On the ninth floor of an office building just off the Boston Common, a group called Health Care for All runs a help line that, not long ago, got 40 calls a month. Today, the calls each month have swelled to 3,000, as people throughout Massachusetts phone in for guidance in navigating a state experiment in health reform that is the most ambitious in the country -- and a test of Sen. Barack Obama's vision for reshaping health care nationwide.
Kate Bicego, the help line's manager, slipped on her headset one recent afternoon as a call came in from Travis Lynn, a 26-year-old from Jamaica Plain with asthma and a part-time job at an old movie theater. He wanted to renew his enrollment in Commonwealth Care, government insurance that Massachusetts now offers adults who cannot get coverage through their work or afford it themselves. After a few questions, Bicego told him: "So, it sounds like you will still be eligible . . . premium-free, with vision, dental and medical."
Lynn is one of 439,000 people here who have gained insurance since Massachusetts embarked two years ago on a path to near-universal coverage. More than half of them are paying toward it; the rest, like Lynn, get it free. How close Massachusetts can come to its goal -- and what obstacles it encounters -- is significant, because its strategies resemble much of the approach to health care that Obama has said he would pursue if elected president next week.
Obama says he would keep the familiar arrangement in which most Americans get health insurance through their jobs, as Massachusetts is doing. Yet he also favors profound -- and controversial -- changes that Massachusetts also is putting in place: Expanding government insurance programs and subsidies. Requiring employers to offer their workers coverage or face penalties if they do not. Forbidding insurance companies to reject anyone or charging more if they are sick. Creating a national health insurance exchange to help people to find and compare private insurance policies on their own.
In the most significant departure from the Democratic nominee's thinking, Massachusetts has imposed a mandate that requires most adults to carry health insurance -- and fines them if they refuse.
In the 31 months since the experiment here began, the share of working-age people without health insurance has plunged -- from 13 percent to 7 percent by one estimate -- more sharply and quickly than anyone expected, leaving Massachusetts with the lowest uninsured rate in the country. But the unexpected number of people also has translated into higher-than-expected costs. Massachusetts has been forced twice to scrounge for extra money, totaling more than $250 million this year and last, from state funds and other places.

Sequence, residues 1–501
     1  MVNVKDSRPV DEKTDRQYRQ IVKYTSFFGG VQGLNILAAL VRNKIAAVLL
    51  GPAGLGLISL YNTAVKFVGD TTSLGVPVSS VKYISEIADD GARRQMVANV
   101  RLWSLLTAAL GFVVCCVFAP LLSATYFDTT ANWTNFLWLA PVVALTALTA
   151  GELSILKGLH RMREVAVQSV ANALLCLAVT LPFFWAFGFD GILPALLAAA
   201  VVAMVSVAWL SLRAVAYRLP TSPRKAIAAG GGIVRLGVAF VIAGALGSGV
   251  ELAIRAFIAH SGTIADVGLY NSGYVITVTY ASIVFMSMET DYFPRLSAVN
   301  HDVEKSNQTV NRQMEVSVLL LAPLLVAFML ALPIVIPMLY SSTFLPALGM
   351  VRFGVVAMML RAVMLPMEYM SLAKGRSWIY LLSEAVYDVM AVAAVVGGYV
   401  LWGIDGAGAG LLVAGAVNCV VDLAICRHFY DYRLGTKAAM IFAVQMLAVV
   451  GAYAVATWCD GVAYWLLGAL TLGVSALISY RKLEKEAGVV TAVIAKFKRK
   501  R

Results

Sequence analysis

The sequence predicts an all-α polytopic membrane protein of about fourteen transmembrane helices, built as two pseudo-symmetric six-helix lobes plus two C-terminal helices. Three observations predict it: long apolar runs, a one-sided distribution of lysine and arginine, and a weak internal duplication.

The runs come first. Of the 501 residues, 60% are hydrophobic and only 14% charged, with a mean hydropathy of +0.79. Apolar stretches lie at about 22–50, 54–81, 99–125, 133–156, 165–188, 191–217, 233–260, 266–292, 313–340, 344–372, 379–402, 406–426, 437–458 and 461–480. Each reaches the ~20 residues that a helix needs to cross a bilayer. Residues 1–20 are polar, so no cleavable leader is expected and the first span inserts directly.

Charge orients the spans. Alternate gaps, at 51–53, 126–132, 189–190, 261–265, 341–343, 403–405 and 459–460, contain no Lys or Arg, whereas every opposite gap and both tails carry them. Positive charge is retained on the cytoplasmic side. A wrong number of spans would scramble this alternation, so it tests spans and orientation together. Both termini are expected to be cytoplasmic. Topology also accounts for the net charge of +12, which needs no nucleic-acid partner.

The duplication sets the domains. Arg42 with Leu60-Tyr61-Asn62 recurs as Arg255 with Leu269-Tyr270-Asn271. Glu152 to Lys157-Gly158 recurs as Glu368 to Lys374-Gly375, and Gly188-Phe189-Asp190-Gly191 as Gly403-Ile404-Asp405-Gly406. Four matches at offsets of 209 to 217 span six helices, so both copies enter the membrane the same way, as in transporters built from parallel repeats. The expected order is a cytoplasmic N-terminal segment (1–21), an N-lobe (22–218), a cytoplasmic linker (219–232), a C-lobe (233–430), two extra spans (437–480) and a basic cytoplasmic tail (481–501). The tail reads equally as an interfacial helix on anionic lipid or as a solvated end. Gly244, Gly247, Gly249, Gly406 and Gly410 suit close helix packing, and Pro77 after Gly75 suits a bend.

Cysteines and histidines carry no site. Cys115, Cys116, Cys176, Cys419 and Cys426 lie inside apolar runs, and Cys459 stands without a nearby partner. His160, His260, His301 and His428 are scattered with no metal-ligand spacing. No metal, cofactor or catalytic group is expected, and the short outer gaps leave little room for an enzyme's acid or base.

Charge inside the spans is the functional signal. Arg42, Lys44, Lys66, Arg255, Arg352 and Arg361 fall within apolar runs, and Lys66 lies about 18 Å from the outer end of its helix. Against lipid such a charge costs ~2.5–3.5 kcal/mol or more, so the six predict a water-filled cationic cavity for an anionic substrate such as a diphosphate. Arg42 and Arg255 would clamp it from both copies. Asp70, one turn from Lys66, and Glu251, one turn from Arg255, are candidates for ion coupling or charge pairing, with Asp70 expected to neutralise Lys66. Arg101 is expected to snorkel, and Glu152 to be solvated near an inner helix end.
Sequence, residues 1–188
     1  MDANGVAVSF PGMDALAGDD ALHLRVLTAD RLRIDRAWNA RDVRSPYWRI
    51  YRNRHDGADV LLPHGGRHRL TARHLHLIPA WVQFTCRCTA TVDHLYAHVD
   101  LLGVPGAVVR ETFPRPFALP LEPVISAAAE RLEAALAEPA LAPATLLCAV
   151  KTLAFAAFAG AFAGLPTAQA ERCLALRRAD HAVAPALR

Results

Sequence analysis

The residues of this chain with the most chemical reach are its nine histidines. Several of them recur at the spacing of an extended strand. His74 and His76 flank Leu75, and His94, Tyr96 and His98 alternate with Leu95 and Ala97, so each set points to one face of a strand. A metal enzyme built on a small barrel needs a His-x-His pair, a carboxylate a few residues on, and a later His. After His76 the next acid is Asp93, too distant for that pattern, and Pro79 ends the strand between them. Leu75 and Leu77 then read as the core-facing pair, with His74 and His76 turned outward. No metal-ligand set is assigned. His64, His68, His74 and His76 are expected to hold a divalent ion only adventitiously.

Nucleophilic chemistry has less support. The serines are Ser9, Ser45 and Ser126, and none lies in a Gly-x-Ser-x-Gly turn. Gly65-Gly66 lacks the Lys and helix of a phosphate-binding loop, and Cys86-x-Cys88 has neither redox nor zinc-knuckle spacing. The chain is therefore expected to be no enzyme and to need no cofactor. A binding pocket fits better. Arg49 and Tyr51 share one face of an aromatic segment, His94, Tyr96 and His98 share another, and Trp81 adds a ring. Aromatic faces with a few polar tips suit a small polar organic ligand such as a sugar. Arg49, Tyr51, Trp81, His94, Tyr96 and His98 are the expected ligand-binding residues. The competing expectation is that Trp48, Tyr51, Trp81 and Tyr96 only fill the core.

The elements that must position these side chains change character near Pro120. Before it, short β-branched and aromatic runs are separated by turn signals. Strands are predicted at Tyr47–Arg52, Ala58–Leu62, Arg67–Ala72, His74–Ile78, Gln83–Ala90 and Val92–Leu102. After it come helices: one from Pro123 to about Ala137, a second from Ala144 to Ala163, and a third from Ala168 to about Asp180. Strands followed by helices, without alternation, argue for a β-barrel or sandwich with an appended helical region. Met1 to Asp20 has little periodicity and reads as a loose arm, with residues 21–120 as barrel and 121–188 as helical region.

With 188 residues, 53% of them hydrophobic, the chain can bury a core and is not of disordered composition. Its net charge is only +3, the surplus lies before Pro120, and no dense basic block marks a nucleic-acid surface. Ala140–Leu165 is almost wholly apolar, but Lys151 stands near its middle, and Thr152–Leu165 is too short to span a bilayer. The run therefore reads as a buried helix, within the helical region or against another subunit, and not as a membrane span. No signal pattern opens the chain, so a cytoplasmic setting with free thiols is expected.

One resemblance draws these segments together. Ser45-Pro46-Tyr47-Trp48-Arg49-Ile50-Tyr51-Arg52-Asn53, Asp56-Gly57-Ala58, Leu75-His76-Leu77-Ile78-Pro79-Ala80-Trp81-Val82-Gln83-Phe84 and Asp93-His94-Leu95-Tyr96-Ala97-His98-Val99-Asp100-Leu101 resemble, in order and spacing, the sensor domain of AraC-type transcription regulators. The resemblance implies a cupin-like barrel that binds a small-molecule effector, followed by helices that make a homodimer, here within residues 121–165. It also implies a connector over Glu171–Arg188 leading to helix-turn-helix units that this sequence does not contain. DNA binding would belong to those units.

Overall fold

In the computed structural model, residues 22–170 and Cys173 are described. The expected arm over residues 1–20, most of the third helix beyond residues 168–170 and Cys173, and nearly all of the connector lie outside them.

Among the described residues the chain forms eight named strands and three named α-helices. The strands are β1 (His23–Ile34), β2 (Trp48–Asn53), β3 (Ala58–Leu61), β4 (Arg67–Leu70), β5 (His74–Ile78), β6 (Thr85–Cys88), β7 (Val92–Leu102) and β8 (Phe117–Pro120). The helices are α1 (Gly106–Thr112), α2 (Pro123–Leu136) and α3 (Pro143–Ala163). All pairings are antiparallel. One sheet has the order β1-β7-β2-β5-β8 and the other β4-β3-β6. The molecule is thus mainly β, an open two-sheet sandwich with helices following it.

There have been more unintended consequences. The large number of people who have gotten insurance and are suddenly looking for care has aggravated a shortage of family physicians and other primary-care doctors. A reshuffling of federal and state money, to help pay for the extra insurance, has pulled funds away from some hospitals and clinics that have long been havens for poor patients.
Hard as it was to enact Chapter 58, as the health-care law here is known, the work of putting the plan into practice is proving even more rigorous, according to state officials, business leaders, health-care providers and community activists. The law left unanswered polarizing questions, including who should be eligible for subsidies, what benefits must be included and whether some people should be excluded from the mandate.
"It isn't like you come up with a perfect plan and turn it on and see how it works," said Brian Rosman, research director at Health Care for All, the nonprofit that runs the state's largest private health help line. "Washington needs to understand that as well."
"This is all really a journey," said Nancy Turnbull, an associate dean at the Harvard School of Public Health and member of the governing board of the Health Connector, a new agency created out of the law. "Every time we make one of these decisions, we take a leap of faith."
Whether what is unfolding in Massachusetts could be replicated in Washington during an Obama administration is, people here say, an open question. The law that emerged in 2006 from the gold-domed statehouse on Beacon Hill was the product of an unusual alignment of outside forces, motivations of key players, and the local health-care climate.
Massachusetts's lawmakers had been warned that federal health officials would take away $385 million a year in money for poor patients unless the commonwealth found a different way to spend it. And on the streets of Boston, an influential coalition -- community activists, hospitals, doctors, unions and hundreds of religious groups -- had gathered signatures for a popular ballot initiative that, if the legislature did not act, could have rewritten the state constitution to make health care a right.
Then-Gov. Mitt Romney, a Republican on the cusp of his own presidential campaign, was calling for a "culture of insurance" as he sought tangible accomplishments. At the same time, Massachusetts faced a smaller challenge than much of the country, with fewer uninsured residents to start with and fewer undocumented immigrants, who cannot qualify for help.